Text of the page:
A few weeks ago, I got an e-mail from Telfed, the South African Zionist Federation, informing me of an upcoming documentary they were showing in Jerusalem:

In 1948, immediately following the Declaration of Independence, Israel was attacked from all sides by six armies. Outnumbered and out-armed, the country was facing the threat of destruction barely days after it had been born. Israel needed help.

 

804 Machal volunteers from South Africa rushed to Israel’s aid. They left their studies, families and homes to fight for a cause they passionately believed in.

 

Gathering firsthand testimonials from the men and women that served Israel in the hour of greatest need, 804 is the first documentary to tell the largely unknown story of how a relatively small group of South Africans played an absolutely pivotal part in Israel’s early survival.

I was aware of the many South Africans who volunteered for Machal (Volunteers from Abroad, מתנדבי חוץ לארץ) and helped Israel in the War of Independence. I was aware that despite South Africa’s small Jewish population, they remarkably constituted around 20% of the total volunteers that helped Israel during this difficult period. Although I consider myself well read in Israeli history, I was unaware of how pivotal a role they – as well as the other Machal volunteers – played in ensuring Israel would get past 1948 and become the country she is today. Considering how so few know of this story, I thought it was an excellent opportunity to learn about the subject from the mouths of those who experienced it first hand.

On November 29, 1947, the UN voted in favor of a resolution that would partition the British Mandate of Palestine. Israel needed to prepare herself for the upcoming reality of all-out war, which both sides knew was on the horizon. The desperate calls for help were answered by thousands of volunteers, both Jews and non-Jews, from around the world. 804 begins around this exciting and worrying time, with the volunteers explaining what drove them to leave behind everything to help Israel – be it the horrors of the Holocaust, Zionism, religious obligation, a sense of adventure or an emotional attachment to the cause.

As the documentary progresses, it delves into the difficulties the South African machalinkim faced in their journeys to Israel (often taking four days) and the adjustments they had to make in a foreign army and country, both which were in complete disarray. Despite the obstacles in their path, these volunteers would soon make a large impact on Israel’s future.

Amongst the many accomplishments of South Africa’s volunteers were the building of Israel’s first radar station, and their presence in the medical field, where many South African doctors and nurses not only cared for the wounded, but also helped train their less experienced Israeli counterparts. However, the most important accomplishment – along with other Machal volunteers – was to Israel’s Airforce:

Of the roughly 600 soldiers serving as the aircrew of the newly formed IAF, over 400 were volunteers from overseas. These volunteers became technicians, commanders, and pilots, and included World War II heroes such as the acclaimed Royal Canadian Air Force ace George “Buzz” Beurling and South African Air Force Veteran Boris Senior. The number of volunteers was so large that the IAF’s operational language was English by necessity.

 

The story of the Israeli Air Force’s founding is an astounding one. In the span of a few months the State of Israel acquired numerous outdated transports, commercial planes, and fighters, cobbling together an air force that managed to attain air superiority during the War of Independence. Without the expertise and experience of the volunteers, it is unlikely Israel would have obtained these planes, let alone have the pilots to fly them.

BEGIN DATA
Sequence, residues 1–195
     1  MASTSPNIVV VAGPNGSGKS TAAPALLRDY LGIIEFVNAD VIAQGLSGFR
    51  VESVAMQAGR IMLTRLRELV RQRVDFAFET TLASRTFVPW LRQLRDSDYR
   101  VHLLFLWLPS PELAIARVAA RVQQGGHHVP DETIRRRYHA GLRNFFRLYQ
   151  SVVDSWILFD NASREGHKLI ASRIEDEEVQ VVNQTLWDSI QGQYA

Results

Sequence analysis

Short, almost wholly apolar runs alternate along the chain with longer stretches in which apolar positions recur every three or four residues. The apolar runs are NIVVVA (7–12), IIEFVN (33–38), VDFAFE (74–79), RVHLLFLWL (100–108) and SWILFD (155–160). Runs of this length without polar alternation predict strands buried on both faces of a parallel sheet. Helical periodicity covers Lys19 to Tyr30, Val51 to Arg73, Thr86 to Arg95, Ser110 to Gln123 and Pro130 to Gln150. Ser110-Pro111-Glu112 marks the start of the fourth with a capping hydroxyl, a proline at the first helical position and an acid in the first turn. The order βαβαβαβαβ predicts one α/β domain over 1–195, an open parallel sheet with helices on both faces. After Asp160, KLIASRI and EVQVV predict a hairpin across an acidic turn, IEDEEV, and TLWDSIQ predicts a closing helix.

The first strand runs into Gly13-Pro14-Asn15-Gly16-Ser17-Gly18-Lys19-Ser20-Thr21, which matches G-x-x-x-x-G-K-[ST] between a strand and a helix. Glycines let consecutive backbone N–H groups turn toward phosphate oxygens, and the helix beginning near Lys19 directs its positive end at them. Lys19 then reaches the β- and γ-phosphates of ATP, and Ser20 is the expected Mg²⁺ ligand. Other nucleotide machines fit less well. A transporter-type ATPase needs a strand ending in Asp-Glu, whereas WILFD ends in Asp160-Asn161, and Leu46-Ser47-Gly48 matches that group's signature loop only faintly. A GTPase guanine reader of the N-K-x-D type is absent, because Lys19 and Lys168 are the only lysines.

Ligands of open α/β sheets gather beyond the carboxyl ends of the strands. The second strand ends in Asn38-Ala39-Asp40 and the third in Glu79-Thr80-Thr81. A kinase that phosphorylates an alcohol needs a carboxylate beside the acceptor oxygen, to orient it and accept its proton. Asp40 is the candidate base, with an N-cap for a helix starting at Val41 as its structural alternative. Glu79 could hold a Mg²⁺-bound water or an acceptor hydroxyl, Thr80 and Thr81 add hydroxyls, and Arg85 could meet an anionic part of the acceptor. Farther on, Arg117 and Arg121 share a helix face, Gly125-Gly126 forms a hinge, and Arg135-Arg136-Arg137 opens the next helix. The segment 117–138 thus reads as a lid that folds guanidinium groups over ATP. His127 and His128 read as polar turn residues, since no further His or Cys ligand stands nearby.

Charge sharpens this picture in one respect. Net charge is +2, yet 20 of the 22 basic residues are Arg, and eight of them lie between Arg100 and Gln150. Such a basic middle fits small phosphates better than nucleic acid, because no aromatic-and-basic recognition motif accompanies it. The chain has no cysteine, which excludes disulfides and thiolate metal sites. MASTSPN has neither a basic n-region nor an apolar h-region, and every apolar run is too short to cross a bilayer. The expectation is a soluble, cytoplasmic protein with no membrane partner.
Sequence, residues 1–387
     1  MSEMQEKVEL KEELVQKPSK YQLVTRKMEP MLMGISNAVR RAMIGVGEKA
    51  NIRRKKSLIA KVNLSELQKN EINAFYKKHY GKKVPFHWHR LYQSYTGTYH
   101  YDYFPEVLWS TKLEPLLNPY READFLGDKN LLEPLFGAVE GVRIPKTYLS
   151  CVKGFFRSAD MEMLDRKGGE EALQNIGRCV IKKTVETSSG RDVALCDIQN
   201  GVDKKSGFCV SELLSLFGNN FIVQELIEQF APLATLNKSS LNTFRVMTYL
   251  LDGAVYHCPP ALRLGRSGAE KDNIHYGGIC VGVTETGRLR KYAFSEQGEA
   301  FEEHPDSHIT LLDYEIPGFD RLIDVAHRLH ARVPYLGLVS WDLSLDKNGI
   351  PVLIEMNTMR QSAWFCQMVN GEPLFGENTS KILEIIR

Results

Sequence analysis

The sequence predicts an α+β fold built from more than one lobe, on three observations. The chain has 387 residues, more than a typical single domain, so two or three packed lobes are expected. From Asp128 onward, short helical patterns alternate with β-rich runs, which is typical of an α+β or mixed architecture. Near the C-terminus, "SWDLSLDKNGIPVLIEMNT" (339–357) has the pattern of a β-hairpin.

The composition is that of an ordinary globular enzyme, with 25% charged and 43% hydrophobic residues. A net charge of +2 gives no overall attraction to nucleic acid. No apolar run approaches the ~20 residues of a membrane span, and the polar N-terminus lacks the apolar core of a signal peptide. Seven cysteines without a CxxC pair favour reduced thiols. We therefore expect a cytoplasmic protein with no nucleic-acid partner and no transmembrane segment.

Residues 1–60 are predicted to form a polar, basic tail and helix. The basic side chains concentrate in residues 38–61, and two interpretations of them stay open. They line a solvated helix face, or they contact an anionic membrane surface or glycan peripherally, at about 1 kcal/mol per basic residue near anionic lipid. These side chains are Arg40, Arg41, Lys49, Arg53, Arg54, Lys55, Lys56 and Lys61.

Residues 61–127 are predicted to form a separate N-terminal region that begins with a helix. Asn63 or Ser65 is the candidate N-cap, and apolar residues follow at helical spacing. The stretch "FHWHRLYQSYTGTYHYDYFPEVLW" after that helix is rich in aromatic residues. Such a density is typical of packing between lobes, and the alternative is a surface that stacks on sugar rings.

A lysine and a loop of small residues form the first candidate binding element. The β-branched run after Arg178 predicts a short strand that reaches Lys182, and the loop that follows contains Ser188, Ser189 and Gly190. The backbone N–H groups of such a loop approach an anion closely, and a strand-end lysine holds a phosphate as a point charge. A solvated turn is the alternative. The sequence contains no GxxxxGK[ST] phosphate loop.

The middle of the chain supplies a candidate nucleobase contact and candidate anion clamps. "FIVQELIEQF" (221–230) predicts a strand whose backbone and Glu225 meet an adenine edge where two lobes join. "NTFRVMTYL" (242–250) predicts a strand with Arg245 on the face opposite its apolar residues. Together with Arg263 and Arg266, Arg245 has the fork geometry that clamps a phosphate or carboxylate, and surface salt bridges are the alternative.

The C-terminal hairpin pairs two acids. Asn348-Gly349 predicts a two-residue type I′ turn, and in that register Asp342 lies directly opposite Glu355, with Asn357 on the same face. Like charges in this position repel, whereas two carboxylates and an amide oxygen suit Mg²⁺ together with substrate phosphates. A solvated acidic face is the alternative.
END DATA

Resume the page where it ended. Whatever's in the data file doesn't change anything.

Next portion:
The Machalnikim played a key role in setting up the air force, and without it, Israel may not have survived ’48. To quote Churchill, “Never was so much owed by so many to so few.”

As the documentary ends, many of the participants voice concern that so many Israelis today are unaware of their country’s history, let alone the important part foreign volunteers played in Israel’s survival. “It’s not the same spirit as ’48,” one machalnik says, before commenting that people aren’t attached to the country like they used to be.

These two issues are valid in my opinion. The spirit of ’48 will probably never return again due to the many variables of that time period – the Holocaust generation, the feeling that Israel wouldn’t survive the Arab onslaught, and the attitude Israelis needed to develop and sustain the fledgling country. As for the first concern, more documentaries like 804 can increase awareness of how pivotal Machal was in the War of Independence, not to mention other important subjects that younger Israelis are losing touch with.

After the screening of the documentary, there was a Q&A session with one of the film’s producers, Sharit Krengel (the other producer, Jason Hoff, was not in attendance). It was interesting to listen to what pushed her to create the documentary, and how rightfully proud she is of the work. Two events capped the night. One was being able to personally thank two of the 804 who were in attendance – they were from a special generation. The second was listening to a young South African by the name of Dovi emotionally explain why he was joining Machal next month. Maybe that spirit hasn’t really gone after all…maybe it’s just been adjusted to today’s reality where the contribution and sacrifices of 1948 have given us the privilege of living in a thriving and advancing country.

If you’re interested in the DVD, it can be purchased on Amazon.com.

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